Bishop – “I was always intrigued by law, but in 1974 when I started college here the path for most women was be a teacher or a nurse. In the back of my mind, I was thinking law school would be awesome, but it just wasn’t feasible for me at that time. I have no regrets about my path because I feel like being a teacher helped me develop a lot of skills that become quite beneficial as a lawyer.
“There were always problems that I never knew the answer to, and I really wanted to find the answer. That’s what ultimately drove me to go to law school. The professional experiences that I had in business and as a teacher lit the fire even more for me to be a lawyer because of the things that came up that I couldn’t answer. I always want to find out how to solve a problem.”
How did your education at UNK help you succeed in your career?
Riedmann – “I couldn’t do what I do today if I didn’t have that foundation. That education of being in the news field makes you more inquisitive, and it makes you a little more assertive. Those are great qualities to have when you’re a lawyer.”
Bishop – “I was challenged a lot when I was here. Then becoming a teacher played an important role in wanting to become a lawyer. I just feel like having the opportunity to have a room full of one of the toughest audiences, is a tremendous experience. Learning to be in a room full of people who maybe were somewhat hostile toward the subject you were teaching, especially diagramming sentences. I learned how to get them to understand when they’re all looking at me with blank faces and disinterested faces. Those same skills I had to develop during all those years of teaching really carried well into the courtroom. As you’re trying to persuade a jury and a judge as to the facts of the law, I really feel like being a teacher gave me a comfort level and an appreciation for the different kinds of audiences I got, and to learn to be persuasive, but clear in how I told a story.”
What advice would you give to students?
Bishop – “You need to naturally want to solve problems. If you’re a lawyer, your life is about problems.”
What are some things that people would be surprised to find out about your job?
Riedmann – “How much work there is. I worked on the Court of Appeals as a law clerk when I was right out of law school, so I thought I had an idea of how much work there would be. I had no idea what the judges were really doing. There’s so much work beyond what the public sees.”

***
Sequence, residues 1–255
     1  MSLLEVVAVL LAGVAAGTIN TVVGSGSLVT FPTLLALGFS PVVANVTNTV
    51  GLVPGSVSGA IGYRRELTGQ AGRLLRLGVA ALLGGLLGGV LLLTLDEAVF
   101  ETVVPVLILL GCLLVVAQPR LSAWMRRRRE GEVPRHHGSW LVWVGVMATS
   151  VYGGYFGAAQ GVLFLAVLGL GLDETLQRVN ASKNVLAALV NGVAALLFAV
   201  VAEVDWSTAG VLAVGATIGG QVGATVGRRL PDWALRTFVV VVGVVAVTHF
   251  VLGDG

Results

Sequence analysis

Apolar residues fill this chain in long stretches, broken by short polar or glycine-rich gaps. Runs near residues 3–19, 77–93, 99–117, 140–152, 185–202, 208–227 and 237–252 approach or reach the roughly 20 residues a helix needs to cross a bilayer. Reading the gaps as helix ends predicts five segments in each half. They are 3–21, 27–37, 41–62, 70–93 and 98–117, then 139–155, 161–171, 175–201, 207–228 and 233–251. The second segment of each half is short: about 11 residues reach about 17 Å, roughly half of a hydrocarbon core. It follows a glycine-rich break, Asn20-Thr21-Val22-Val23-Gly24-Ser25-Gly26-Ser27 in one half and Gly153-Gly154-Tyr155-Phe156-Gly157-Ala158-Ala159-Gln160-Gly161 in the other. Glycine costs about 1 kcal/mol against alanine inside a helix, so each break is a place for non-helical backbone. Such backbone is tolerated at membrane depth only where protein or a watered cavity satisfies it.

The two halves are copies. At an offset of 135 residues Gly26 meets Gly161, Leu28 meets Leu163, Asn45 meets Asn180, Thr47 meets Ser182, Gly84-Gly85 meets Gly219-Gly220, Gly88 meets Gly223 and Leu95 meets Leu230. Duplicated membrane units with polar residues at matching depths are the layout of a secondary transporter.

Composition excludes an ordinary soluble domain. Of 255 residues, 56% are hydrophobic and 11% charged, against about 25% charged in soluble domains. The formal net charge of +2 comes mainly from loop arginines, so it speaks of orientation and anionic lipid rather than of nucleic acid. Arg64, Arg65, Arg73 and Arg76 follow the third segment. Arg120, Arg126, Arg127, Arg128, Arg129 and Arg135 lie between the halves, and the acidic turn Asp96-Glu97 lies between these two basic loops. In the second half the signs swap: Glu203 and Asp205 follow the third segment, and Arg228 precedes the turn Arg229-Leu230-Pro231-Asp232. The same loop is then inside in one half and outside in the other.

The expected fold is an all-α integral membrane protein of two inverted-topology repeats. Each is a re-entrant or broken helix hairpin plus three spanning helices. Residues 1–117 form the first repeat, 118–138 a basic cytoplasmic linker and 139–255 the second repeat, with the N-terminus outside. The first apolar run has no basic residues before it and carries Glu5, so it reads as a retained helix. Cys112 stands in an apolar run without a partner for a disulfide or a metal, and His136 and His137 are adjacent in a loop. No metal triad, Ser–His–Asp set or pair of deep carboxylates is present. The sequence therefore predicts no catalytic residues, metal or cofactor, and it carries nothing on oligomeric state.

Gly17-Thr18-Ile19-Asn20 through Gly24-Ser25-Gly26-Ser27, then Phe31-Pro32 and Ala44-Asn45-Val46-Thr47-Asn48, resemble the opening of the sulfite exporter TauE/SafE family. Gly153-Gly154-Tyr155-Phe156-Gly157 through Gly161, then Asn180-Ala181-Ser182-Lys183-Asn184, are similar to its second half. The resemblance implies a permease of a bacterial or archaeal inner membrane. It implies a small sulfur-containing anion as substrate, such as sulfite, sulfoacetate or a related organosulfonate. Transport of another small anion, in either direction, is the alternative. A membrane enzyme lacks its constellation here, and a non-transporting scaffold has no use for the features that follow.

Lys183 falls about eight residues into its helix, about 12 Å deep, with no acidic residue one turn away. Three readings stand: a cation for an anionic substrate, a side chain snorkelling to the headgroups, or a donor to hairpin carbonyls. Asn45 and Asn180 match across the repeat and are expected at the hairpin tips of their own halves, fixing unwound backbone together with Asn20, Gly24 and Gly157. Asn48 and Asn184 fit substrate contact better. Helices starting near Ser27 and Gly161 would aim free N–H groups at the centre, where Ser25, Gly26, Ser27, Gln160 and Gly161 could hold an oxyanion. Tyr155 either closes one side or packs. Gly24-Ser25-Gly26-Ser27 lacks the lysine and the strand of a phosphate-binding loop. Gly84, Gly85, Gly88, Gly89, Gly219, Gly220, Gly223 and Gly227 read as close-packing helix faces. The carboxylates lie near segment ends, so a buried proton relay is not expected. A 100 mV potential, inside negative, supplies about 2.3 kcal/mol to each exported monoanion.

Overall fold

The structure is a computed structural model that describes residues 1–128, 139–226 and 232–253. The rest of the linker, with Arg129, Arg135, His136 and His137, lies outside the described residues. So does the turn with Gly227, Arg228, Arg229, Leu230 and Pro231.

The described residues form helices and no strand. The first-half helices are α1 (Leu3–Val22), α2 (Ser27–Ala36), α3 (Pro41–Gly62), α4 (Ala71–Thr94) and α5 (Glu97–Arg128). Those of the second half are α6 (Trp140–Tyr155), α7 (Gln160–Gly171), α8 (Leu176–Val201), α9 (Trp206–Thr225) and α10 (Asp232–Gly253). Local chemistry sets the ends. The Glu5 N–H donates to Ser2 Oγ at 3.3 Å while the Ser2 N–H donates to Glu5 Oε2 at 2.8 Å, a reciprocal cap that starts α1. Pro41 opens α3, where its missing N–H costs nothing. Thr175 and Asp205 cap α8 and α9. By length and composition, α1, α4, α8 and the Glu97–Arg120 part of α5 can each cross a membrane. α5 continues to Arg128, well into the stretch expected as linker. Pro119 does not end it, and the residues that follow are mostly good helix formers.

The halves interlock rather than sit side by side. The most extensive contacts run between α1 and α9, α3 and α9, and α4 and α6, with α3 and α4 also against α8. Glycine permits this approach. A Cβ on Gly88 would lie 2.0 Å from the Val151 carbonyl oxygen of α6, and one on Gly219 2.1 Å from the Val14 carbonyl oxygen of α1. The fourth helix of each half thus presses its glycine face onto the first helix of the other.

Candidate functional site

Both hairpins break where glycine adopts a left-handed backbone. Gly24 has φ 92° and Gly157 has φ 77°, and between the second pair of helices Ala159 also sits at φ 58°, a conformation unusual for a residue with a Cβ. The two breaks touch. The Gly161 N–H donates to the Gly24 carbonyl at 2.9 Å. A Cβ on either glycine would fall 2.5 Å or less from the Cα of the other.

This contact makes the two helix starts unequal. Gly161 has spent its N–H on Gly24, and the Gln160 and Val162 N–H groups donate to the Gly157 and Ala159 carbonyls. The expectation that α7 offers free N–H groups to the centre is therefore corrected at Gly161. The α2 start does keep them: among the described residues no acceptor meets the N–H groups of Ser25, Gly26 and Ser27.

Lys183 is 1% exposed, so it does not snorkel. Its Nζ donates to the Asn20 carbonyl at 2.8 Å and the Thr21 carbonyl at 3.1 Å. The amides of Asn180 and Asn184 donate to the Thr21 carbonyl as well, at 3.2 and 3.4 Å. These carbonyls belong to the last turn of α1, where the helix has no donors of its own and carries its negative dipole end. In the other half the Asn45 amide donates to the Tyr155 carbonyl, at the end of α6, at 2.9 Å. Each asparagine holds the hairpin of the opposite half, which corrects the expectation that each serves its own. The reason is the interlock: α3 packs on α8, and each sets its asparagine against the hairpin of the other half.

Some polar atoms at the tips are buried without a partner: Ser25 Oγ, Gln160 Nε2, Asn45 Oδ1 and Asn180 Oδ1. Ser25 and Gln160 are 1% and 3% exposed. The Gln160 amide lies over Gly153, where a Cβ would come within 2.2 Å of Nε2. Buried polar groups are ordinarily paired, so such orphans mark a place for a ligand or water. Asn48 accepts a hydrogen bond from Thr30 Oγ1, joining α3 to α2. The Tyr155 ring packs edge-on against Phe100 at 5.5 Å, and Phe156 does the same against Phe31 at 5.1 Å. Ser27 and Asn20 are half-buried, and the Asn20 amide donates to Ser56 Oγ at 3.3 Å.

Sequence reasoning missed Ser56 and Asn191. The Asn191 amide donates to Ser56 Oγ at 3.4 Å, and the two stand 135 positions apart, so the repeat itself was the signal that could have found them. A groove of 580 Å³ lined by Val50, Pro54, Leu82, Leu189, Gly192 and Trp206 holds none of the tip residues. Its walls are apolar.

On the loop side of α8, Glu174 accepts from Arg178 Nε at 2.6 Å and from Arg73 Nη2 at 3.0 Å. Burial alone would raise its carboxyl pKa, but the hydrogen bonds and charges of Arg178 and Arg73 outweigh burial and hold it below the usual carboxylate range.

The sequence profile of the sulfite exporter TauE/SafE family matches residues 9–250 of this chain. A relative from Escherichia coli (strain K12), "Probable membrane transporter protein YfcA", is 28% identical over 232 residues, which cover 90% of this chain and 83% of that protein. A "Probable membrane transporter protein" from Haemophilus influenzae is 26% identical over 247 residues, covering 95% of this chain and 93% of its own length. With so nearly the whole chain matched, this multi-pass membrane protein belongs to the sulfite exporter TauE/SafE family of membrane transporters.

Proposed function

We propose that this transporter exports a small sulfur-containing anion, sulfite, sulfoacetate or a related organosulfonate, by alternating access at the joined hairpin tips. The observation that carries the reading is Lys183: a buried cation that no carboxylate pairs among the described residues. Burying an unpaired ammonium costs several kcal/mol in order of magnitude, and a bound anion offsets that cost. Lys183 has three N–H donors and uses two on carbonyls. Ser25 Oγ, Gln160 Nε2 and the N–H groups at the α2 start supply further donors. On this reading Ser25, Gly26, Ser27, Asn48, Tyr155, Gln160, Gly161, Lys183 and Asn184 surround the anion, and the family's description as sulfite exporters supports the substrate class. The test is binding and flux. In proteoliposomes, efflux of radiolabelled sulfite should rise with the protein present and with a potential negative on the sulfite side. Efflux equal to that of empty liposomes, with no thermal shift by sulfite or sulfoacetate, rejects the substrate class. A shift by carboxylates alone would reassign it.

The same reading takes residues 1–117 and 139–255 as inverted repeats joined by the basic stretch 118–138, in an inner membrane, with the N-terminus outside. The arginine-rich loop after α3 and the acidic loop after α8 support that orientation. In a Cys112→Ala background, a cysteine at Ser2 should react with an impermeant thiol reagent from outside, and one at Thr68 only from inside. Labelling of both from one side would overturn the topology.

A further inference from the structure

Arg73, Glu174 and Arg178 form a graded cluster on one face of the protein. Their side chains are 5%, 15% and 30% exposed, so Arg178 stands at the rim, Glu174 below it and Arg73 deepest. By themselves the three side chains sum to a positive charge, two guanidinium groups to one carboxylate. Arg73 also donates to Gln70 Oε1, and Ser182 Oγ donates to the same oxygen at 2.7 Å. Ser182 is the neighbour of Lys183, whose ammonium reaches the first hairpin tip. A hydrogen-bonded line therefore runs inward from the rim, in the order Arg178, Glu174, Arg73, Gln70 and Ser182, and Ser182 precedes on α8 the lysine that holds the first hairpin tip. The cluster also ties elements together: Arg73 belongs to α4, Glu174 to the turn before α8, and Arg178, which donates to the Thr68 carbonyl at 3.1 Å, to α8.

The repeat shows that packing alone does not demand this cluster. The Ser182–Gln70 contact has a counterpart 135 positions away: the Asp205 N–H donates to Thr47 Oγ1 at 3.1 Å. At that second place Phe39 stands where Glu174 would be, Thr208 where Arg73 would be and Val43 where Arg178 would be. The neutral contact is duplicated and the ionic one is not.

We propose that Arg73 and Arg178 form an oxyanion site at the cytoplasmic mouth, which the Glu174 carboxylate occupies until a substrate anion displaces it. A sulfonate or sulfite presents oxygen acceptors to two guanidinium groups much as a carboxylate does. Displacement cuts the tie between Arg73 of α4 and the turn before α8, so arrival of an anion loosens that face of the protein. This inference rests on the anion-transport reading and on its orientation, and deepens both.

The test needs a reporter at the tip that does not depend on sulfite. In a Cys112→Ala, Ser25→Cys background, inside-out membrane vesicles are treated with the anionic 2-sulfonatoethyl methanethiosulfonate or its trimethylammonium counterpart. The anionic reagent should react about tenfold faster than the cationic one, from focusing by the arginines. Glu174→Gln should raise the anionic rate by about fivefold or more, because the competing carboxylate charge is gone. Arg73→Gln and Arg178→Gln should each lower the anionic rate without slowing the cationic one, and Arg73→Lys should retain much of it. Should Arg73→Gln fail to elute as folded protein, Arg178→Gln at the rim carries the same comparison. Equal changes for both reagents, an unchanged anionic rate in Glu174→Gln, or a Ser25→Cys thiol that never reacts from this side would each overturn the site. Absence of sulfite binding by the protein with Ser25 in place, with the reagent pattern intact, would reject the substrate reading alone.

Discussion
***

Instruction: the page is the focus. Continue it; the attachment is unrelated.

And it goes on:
Bishop – “We don’t have deadlines. When you’re an attorney, you have a deadline, you have a trial date. For us, we don’t have any deadlines so I think there’s a misperception that we can work whenever we want at our own pace. But it is like that conveyer belt where it just keeps coming and coming and coming. Because of the workload we have, it is very fast-paced.”
What do you enjoy about your job?
Riedmann – “It’s like having my own library, only it’s not fiction. You can pick up any file and read a different story. The hard thing to remember is that these are really people. Our opinions impact those particular parties, but we also write to a much bigger audience to give some guidance to the practicing bar. I like the diversity. It’s my constant reminder of how little I know. It’s what keeps it very interesting.”
Bishop – “I truly love everything about it. I love the people that I work with, I love the judges, the clerks, the court staff. The work itself – there’s such a variety of legal issues that we deal with all the time. You would think at some point, between the Nebraska Supreme Court and our court, that we would have decided every angle of every legal issue out there but we haven’t. Whether lawyers are getting more creative or there are just issues that have never come up before, we’re seeing new things all the time.”
Writer: Sara Giboney, 308.865.8529, firstname.lastname@example.org